There is no shortage of sexual outlets available to men outside of traditional intimate relationships. Men can pursue sexual encounters by means of dating or hook-up apps; they can access an endless supply of pornography, view webcam models or engage in cybersex. In many parts of the world there is a thriving legal sex industry where men can access a range of women for sex, and now there are sex-doll brothels. Nonetheless, having access to these outlets has not stopped men from raping. On the contrary, sexual violence remains prevalent across the world.

The argument that child sex dolls could function as a sexual outlet, preventing individuals who would otherwise rape children from doing so, also fails to consider the wider cultural context in which these products are manufactured — a system of institutionalised male dominance, routine sexual objectification of women and a culture that eroticises girls.

Cultural messaging increasingly presents girls as sexually available and appealing. The “Teen” porn genre consistently features on the online pornography aggregator Pornhub’s list of most popular search terms. “Barely Legal” pornography featuring teens with pigtails, flat chests and braces can be purchased in newsagents and petrol stations. G-strings, padded bras and bikini tops, and underwear with sexually suggestive slogans are marketed to pre-teen girls. Advertising material depicts girls in sexualised and adultified ways. Schoolgirls are fetishised, and sexy-schoolgirl costumes are sold in mainstream retailers. Instagram routinely hosts sexualised content of underage girls and comment responses from predatory men. Major bookstores and online marketplaces have been exposed selling erotic e-books that feature incest and child abuse. Adult retailers sell male masturbators designed to emulate the vaginas of teenage girls — such as the Teenage Dream or Lolita Vibrating Vagina — with promotional material emphasising youth and innocence.

Not all child sex offenders are paedophiles

Claims from child-sex-doll advocates that the dolls could prevent child sexual abuse — because paedophiles will use dolls instead of children — are speculative. In order to justify the development of child sex dolls and robots, supporters would have to establish that child sexual abuse is perpetrated by medically designated “paedophiles,” and that paedophiles will use dolls instead of children.

But it is not just paedophiles who perpetrate crimes of sexual violence against children. Not all child sex offenders are paedophiles, and not all paedophiles sexually offend against children. According to the Australian Institute of Criminology, while some perpetrators of child sexual abuse are attracted to children, they may also have a sexual interest in, or offend against, adults. Child sex offenders may also act out of opportunity rather than sexual attraction to children. Research by Richard Wortley and Stephen Smallbone finds that situational and environmental factors play an important role in sexual offences against children, and further research highlights the role of opportunity in child sexual abuse — including institutional and church settings, online child exploitation and child sex tourism.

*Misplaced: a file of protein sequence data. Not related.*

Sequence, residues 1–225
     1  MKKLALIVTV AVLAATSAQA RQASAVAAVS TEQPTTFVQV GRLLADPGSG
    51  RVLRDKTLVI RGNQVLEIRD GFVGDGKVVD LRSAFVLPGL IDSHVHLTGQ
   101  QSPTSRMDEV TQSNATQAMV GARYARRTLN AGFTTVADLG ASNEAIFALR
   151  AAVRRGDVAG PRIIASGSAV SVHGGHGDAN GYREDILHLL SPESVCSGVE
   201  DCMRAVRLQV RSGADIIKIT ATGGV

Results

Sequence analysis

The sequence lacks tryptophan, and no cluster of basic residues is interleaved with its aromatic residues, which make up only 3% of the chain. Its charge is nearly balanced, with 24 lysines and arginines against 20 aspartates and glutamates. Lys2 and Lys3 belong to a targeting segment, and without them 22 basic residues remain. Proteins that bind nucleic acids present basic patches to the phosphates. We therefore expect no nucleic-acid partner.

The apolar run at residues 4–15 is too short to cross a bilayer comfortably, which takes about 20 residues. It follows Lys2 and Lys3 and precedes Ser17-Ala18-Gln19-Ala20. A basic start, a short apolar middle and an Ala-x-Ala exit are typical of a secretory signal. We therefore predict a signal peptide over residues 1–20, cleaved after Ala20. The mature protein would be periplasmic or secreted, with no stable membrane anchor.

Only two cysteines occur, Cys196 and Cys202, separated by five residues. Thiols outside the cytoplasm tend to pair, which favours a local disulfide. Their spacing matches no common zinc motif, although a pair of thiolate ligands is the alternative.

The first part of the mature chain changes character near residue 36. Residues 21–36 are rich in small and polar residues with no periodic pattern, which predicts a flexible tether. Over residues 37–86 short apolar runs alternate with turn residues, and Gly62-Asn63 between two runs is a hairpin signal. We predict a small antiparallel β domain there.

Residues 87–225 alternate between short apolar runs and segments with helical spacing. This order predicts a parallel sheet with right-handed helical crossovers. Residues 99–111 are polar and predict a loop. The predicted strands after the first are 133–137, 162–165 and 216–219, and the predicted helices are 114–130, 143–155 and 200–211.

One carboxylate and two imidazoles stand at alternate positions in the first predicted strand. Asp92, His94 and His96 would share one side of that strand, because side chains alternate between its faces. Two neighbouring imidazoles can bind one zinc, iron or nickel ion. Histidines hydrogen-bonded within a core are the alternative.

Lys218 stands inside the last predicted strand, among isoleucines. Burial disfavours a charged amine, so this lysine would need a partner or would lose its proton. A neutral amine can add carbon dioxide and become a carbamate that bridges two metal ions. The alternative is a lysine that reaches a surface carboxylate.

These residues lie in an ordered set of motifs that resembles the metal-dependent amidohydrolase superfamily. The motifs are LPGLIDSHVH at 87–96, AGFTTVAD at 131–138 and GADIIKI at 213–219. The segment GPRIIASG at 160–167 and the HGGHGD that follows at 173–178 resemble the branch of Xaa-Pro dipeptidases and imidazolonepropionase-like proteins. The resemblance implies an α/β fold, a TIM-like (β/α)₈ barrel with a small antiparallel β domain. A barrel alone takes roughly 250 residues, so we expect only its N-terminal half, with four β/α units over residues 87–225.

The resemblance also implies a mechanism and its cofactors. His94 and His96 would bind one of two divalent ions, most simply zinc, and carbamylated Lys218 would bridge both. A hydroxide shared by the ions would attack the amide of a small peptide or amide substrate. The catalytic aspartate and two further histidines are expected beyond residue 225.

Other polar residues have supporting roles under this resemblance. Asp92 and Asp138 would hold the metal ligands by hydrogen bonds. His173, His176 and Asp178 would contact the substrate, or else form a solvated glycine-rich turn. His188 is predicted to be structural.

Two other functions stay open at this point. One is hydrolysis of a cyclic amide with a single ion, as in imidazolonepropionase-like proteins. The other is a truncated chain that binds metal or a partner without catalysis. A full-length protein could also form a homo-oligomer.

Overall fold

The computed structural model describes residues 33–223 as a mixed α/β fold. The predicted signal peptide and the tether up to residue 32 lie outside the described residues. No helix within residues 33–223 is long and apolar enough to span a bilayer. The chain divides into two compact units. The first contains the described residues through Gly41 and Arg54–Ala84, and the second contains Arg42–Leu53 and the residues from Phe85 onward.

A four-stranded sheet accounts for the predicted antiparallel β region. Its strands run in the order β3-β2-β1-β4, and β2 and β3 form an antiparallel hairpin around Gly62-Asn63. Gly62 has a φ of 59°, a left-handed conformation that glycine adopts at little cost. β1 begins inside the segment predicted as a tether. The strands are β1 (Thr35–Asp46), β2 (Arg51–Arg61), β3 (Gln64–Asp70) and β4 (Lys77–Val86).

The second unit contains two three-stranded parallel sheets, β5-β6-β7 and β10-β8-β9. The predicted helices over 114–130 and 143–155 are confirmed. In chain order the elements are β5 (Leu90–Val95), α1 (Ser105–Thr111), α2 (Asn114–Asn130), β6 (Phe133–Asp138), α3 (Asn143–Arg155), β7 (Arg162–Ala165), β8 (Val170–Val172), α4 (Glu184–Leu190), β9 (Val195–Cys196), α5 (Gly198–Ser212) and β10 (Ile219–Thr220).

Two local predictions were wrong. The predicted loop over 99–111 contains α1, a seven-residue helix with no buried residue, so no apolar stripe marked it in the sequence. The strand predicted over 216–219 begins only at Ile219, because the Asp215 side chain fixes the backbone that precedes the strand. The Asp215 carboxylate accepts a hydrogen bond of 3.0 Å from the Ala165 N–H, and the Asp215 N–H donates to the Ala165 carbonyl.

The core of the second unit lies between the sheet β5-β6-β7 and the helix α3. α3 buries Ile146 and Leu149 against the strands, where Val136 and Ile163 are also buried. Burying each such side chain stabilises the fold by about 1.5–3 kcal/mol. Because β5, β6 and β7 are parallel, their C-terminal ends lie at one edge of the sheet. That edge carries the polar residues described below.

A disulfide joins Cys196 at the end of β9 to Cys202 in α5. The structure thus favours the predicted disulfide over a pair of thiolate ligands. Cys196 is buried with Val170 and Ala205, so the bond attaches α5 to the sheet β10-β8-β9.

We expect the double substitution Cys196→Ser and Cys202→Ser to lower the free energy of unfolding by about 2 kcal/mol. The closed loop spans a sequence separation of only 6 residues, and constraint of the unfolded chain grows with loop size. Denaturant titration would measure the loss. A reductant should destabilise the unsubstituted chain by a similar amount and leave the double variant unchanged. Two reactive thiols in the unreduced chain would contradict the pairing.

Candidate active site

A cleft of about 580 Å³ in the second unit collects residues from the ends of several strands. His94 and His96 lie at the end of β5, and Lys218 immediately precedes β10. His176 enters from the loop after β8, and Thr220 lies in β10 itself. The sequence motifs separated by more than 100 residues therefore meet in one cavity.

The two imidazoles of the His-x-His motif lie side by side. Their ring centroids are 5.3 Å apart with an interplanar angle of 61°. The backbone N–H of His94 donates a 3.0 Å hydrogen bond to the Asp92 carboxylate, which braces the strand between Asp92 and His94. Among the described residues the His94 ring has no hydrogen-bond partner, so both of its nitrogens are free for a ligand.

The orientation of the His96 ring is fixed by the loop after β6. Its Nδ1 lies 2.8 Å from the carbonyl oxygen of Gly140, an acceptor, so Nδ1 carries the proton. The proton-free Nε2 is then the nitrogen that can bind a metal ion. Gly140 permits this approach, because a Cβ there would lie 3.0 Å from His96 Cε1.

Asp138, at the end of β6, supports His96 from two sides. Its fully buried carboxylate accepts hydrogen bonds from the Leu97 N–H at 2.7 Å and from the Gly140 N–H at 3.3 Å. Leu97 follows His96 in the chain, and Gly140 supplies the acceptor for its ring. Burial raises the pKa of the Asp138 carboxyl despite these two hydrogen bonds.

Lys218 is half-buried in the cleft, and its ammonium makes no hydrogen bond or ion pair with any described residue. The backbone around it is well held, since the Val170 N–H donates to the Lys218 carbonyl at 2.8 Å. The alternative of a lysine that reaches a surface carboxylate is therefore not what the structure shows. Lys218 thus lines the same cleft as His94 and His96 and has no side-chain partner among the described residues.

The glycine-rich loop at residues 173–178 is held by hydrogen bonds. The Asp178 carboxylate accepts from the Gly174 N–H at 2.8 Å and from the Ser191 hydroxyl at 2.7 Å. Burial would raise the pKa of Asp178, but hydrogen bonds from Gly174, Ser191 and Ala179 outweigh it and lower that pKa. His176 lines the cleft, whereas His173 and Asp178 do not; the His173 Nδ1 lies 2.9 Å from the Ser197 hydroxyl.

If child sexual abuse is also perpetrated by individuals who are not primarily sexually attracted to children — men who do not have a pre-existing sexual preference for children — then claims that child sex dolls could protect children from abuse are questionable. How effective could child sex dolls for paedophilic use be in preventing child abuse if many offenders are not actually paedophiles?

Even if it could be determined that child sexual abuse was perpetrated solely by paedophiles with a sexual preference for children, in order to justify the manufacture of child sex dolls or robots it would have to be further established that providing them for paedophiles would prevent their offending against children. According to Marie-Helen Maras and Lauren Shapiro from City University of New York, therapeutic child sex dolls for paedophilic use are “nonsensical and irrational.” Childlike sex dolls normalise child abuse and domination rather than inhibiting it and go against cognitive-behavioural-therapy goals, which challenge undesirable thoughts and behaviour.

Child sex dolls as a public service?

Shin Takagi is the owner of Trottla, a Japanese child-sex-doll manufacturer that produces dolls resembling girls as young as five. He is also a paedophile. Takagi believes that his dolls provide a public service for men like him. He professes to be helping paedophiles enact their sexual fantasies in a legal and ethical way, declaring, “It’s not worth living if you have to live with repressed desire.”

Online photo galleries feature hundreds of images of Trottla dolls designed to look like prepubescent girls. Dolls are photographed with pigtails and soft toys and simultaneously portrayed as sexually inviting. Lifelike pre-teen dolls are presented as ready and available for sex, in varying states of undress. Some are posed naked aside from knee socks. Others are costumed for seduction, in sheer lingerie, or with fishnet stockings and whips. One photo gallery includes a series of images of naked dolls lying supine on beds, their lifeless eyes staring into the distance, with heart-shaped patterns of whipped cream and strawberries concealing their genitals.

Some images are suggestive of voyeurism, such as upskirt pictures. Photographs of dolls in the bath taken from a distance suggest that they are being watched without their knowledge. The most chilling images are those that appear to replicate obvious child-abuse scenarios. One photograph shows a petite doll who appears to be a girl of perhaps six or seven, lying face down on a bed, her underpants having been pulled down.